After a referral to a neurologist turned out to be mostly a waste of time, I went back to the physician’s assistant at my primary doctor’s office on Tuesday.
You know what, before I go any further, I just want to say that as medical professionals go, this PA is amazeballs. She’s one of the most personable people I’ve ever met. She listens, she looks up stuff she’s not familiar with, and she’s not afraid to dig for answers when they’re not staring her in the face.
But back to my story. After a 45-minute chat with the PA, I said something that made her eyes get kind of big. She was going through a sort of flow chart related to my complaints of muscle weakness and asking me questions to see what could be ruled out completely and what might need further investigation. “This,” she said, “is related to the heart. You’re so young, that it’s not very likely. But we might want to explore it if you have a family history of heart disease.”
“Well, my grandfather had a couple of heart attacks later in life, and my dad underwent a procedure for WPW syndrome and had a heart attack last year.”
She wrote that information down and then asked if I ever felt short of breath. “Sure,” I said, not even thinking it was a big deal.
“Well, like when I go up a flight of stairs or walk down the hall.”
Apparently, when it came to listing my symptoms, I had buried the lede. But after being weight shamed by The Rheumatologist from Hell, I thought I was getting winded because I was fat now. Until that moment I hadn’t seen shortness of breath as a symptom so much as a personal shortcoming—despite the fact that even the most gluttonous of humans rarely put on 30 pounds in a few months.
She sent me down the hall for an EKG and chest X-ray immediately after the appointment.
This morning, a nurse called to let me know that my EKG showed signs of atrial enlargement. The next step is to go in for a cardiac stress test on Monday afternoon. Should be loads of fun, considering my annual employment review will take place that morning!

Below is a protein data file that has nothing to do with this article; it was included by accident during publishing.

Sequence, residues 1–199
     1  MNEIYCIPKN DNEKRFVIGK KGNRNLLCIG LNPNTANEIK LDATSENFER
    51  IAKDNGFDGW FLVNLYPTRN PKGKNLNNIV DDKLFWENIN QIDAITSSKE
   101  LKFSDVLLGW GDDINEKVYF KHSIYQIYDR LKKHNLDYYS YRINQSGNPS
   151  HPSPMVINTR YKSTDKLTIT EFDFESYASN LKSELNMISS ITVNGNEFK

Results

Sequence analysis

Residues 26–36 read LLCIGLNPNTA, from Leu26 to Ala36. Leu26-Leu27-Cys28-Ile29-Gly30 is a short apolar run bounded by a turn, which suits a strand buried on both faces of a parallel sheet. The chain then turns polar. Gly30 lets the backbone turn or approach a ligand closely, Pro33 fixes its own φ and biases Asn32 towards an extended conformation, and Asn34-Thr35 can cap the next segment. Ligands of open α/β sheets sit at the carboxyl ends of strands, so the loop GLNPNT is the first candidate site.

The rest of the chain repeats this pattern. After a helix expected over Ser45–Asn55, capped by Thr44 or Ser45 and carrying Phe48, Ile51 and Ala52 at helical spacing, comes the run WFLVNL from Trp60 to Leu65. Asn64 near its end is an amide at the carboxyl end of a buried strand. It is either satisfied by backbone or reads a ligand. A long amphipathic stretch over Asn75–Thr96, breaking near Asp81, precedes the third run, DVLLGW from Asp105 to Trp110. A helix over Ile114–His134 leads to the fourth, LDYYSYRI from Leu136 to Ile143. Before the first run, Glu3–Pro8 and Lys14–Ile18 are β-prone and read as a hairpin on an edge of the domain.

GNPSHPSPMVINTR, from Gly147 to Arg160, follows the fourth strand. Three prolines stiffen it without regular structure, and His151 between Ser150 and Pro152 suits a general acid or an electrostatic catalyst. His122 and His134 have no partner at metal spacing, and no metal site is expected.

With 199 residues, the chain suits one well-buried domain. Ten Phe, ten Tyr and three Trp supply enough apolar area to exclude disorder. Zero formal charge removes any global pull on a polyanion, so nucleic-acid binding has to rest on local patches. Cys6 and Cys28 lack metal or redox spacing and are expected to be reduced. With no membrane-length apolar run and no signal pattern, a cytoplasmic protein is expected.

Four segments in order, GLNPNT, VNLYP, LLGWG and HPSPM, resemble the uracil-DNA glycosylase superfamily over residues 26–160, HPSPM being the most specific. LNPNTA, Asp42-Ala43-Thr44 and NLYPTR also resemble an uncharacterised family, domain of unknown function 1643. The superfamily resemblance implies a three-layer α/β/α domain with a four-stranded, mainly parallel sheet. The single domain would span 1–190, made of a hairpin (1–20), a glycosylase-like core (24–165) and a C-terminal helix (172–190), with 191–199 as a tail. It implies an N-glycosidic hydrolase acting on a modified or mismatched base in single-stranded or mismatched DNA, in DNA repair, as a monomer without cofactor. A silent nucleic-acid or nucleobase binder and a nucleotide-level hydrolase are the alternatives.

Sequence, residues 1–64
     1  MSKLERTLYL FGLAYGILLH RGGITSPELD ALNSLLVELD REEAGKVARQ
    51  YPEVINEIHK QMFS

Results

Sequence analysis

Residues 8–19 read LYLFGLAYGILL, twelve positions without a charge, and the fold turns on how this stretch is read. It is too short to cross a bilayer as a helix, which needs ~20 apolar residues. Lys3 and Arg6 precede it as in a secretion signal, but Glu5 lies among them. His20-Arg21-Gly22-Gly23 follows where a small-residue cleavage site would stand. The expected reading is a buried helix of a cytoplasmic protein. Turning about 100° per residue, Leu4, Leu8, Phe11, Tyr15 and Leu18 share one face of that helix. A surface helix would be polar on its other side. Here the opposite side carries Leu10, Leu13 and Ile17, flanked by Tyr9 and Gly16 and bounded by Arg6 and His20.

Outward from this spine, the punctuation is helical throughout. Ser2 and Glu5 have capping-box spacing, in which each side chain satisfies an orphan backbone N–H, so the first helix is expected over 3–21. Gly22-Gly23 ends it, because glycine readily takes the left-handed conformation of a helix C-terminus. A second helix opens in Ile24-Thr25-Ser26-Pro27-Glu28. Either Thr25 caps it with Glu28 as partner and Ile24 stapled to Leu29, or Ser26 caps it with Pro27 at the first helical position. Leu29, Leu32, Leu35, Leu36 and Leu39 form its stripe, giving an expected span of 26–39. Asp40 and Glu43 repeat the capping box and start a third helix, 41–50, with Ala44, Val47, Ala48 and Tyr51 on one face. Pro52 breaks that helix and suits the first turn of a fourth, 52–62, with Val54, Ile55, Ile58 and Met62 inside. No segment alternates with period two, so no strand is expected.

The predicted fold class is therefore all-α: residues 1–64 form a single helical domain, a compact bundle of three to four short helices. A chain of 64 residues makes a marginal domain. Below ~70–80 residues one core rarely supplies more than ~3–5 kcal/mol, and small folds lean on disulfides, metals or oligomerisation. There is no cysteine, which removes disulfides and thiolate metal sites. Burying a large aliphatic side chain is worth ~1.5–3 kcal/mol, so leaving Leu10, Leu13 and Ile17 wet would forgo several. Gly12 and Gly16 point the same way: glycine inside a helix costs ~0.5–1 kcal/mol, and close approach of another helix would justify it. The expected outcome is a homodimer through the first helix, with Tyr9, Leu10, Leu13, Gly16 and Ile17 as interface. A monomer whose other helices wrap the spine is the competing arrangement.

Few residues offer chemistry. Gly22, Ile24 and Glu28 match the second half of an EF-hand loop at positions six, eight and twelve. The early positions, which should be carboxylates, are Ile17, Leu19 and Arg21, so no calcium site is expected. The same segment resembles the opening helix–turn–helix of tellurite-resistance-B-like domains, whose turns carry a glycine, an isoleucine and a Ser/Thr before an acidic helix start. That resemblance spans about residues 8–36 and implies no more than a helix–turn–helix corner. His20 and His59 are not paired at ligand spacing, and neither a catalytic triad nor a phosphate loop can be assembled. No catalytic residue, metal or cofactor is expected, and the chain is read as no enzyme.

The nurse told me to wear comfy clothes and shoes, to eat nothing for 2 hours before my appointment, and to expect the stress test to last 2 hours.
My PA also ordered more blood tests, but I have to fast for those and haven’t been back yet. Maybe by Tuesday I’ll have that done too. One of the tests she’s ordered is for my thyroid.
Depending on whether they’re seeing the irregularities on the right or left atrium, this heart shit could very well be an indication that I’m hypothyroid, despite being on levothyroxine (Synthroid).
As I mentioned in an earlier rant, one of the rare but serious side-effects of taking duloxetine (Cymbalta) is hypothyroidism. It’s listed right there in the drug information that accompanies my refills. Sure makes me wonder why The Rheumatologist from Hell denied there could be any connection with my weight gain and my thyroid and didn’t want to order thyroid tests after I’d been on the Cymbalta for a few months. Of course it’s too early to say for sure what’s going on. But if your patient is complaining that something’s not right, why the hell wouldn’t you check it out?
While I get fatter, my mobility continues to decrease, and the search continues for answers, there’s a pretty bitter part of me that wishes I knew more about malpractice law.